Armenians in Glendale, CA
There is an old story that used to be told regarding Armenians in the Boston/Watertown area, which given Glendale's huge Armenian population these days, can probably be applied to this city: An Armenian from the US travels to the old country. "Where are you from?" he is asked. "From Los Angeles," he replies. Blank stares. He tries again. "From Glendale," he says. "Ah!" they say with a smile. "Of course! Glendale!"
Early Days: It is difficult to pinpoint exactly when the first Armenian settled in Glendale. The city was incorporated in 1906 and a 1923 local survey shows the city as having 20 Armenian residents consisting of 5 families (Yeretzian 38). (An interesting article on one of these early Armenian families can be found on the Glendale News-Press website.) At the time, Pasadena (about 10 miles east of Glendale) and Los Angeles (about 10 miles south of Glendale) contained a much larger number of Armenian residents, 100 and 2,000 respectively. Glendale began to see an influx of Armenians during the late 1970s and well into the 1980s following civil wars in the copiously Armenian populated Iran and Lebanon. In 1975 came the first Armenian church of the city—St. Mary's Armenian Apostolic Church, and in 1978, with only 7 members, the Homenetmen Ararat chapter was established in the city. The Armenian population of the city continued to grow well into the 1990s when many Armenians migrated to the city after the fall of the USSR and worsening conditions of the new Armenian republic. Yet another factor that may have contributed to the city's ever-growing Armenian population during the 1980s and 1990s is the fact that from 1983 to 1991 the governor of the state of California, George Deukmejian, was of Armenian decent. Additionally, another Armenian, Larry Zarian, served on the city of Glendale's City Council from 1983 to 1999, and was elected Mayor for three (non-consecutive) terms during these years. Immigrants, and especially Armenian immigrants, tend to colonize around areas where there are others of their ethnic background nearby. Having Armenians in the local political system may have certainly had its appeal.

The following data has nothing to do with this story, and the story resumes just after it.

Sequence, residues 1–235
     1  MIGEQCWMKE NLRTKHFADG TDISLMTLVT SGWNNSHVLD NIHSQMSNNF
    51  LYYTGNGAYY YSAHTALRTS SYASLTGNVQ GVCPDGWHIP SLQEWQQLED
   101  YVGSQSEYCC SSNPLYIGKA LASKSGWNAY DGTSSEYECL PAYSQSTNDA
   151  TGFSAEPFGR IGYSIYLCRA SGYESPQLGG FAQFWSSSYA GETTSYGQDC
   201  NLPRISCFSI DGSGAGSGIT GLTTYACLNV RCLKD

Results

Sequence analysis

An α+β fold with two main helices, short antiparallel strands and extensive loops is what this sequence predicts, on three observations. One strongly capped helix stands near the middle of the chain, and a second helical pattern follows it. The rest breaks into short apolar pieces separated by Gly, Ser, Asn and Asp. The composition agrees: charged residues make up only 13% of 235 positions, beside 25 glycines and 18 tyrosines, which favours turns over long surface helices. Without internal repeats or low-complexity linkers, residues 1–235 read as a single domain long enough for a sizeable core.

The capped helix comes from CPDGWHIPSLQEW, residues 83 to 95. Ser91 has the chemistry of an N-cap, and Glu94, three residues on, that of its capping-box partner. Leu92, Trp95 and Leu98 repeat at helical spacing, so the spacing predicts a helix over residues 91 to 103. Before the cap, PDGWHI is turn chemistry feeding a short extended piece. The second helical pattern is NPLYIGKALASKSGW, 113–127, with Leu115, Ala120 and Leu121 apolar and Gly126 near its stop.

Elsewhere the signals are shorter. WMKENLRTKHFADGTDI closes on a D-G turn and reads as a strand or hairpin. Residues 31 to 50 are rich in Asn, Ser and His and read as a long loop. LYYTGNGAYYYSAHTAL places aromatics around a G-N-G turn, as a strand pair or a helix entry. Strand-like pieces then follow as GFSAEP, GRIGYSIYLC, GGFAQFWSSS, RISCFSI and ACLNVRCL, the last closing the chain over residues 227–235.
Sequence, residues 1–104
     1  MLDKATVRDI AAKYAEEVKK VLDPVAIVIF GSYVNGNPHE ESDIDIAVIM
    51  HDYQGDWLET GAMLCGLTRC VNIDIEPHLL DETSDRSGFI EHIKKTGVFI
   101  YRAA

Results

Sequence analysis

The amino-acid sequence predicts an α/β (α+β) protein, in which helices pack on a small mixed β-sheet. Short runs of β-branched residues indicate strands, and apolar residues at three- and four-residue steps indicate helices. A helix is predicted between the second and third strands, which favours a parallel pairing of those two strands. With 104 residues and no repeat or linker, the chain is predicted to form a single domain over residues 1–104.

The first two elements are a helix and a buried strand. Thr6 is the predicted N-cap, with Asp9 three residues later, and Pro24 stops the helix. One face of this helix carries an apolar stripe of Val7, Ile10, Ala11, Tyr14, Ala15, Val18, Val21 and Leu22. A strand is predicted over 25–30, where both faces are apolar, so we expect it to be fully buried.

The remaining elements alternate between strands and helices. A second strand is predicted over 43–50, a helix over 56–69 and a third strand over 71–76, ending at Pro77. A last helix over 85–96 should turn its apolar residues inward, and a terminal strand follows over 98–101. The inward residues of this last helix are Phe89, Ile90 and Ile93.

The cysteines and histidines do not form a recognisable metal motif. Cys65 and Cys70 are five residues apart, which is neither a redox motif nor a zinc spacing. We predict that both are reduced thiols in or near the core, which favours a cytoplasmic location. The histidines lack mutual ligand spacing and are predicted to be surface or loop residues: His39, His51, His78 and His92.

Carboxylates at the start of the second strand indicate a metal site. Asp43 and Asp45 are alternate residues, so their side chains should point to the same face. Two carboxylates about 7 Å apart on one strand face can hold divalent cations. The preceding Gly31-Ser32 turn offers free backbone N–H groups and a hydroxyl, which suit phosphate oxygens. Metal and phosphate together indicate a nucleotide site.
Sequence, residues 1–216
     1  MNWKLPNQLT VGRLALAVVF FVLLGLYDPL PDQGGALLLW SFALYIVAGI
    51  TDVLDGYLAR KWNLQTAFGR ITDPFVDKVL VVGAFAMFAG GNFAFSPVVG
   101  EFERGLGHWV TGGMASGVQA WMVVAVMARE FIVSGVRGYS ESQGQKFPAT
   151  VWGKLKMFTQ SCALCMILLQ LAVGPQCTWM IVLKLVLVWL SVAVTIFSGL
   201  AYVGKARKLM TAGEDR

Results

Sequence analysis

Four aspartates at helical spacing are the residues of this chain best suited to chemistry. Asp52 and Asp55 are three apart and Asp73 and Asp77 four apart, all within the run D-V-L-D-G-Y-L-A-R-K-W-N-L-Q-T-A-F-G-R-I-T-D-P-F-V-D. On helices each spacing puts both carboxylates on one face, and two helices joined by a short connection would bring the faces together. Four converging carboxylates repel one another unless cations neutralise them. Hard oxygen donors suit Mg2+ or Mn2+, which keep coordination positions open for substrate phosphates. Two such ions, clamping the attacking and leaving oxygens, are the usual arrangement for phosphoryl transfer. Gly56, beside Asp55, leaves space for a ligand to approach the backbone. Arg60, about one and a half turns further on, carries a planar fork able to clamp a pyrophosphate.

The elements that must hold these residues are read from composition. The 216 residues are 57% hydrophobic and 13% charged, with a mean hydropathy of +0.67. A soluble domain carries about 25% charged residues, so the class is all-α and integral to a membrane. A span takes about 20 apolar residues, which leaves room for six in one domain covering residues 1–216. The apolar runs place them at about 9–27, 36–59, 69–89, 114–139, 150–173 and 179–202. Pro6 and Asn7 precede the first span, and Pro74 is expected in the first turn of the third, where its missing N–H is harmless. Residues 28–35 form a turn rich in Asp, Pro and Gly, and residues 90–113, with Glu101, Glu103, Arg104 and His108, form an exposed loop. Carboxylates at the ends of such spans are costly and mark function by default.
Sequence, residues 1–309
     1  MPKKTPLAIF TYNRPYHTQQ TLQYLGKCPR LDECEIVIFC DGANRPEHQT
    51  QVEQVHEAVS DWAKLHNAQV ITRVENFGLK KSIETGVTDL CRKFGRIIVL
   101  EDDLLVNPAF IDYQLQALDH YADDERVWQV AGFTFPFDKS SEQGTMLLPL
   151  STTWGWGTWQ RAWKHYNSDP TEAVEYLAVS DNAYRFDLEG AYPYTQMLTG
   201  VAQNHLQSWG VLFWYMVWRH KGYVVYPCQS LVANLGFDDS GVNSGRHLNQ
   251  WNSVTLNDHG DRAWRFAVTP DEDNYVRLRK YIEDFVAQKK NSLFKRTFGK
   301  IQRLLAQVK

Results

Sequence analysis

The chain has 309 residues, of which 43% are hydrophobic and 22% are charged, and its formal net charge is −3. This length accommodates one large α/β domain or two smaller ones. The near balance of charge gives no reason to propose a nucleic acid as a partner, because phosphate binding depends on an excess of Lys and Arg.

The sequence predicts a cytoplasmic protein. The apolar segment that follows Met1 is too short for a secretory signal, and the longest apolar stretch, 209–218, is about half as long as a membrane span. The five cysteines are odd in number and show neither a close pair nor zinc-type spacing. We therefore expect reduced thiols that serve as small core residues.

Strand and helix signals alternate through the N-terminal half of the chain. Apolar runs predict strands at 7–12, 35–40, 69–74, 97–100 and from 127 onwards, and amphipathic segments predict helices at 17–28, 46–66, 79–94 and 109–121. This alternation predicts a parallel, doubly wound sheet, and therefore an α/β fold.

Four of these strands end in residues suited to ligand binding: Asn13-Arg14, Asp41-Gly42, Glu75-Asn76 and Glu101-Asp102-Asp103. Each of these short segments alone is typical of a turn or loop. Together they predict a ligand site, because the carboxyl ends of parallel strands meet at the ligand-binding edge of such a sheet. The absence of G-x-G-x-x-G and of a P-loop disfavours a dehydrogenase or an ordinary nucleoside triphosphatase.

Today: Glendale contains the largest Diaspora of Armenians anywhere in the world—in fact, it is the second largest Armenian community in the world, after Yerevan. The 30 square miles that make up the city is home to nearly 200,000 residents, of which 80,000 are estimated to be of Armenian decent (Covarrubias). It is home to numerous Armenian churches, shops, restaurants, and businesses. Take a walk in any of the city's streets and it's hard not to run into an Armenian owned establishment or to hear passersbys speaking their native Armenian tongue. Glendale is a microcosm of the Diaspora: Armenians from all walks of life and from all around the world can be found here. Over the last few decades, Glendale's strong Armenian community has flourished on many levels. It has produced authors, artists, theater and dance groups, newspapers and magazines, organizations, and various businesses.
In 2005, for the first time in Glendale's history, Armenians won majority three of the five seats on the City Council. In 2006, in response to community interest, the Glendale Unified School District, which runs all of the public schools of the city, introduced Armenian language into its dual immersion program at one elementary school in the city. The goal of this program is to develop bilingualism and biliteracy with academic language in two languages (English and Armenian). Under this program, half of the instructional school day is taught in Armenian and the other half in English. In 2010 the program was expanded to include a second elementary school.
In 2014, Armenian-American Zareh Sinanyan was appointed as city Mayor.
The city is also home to about half a dozen Armenian newspapers, a handful of Armenian TV stations, and dozens of social, educational, professional, and business related organizations geared towards the Armenian-American community of Glendale and nearby cities.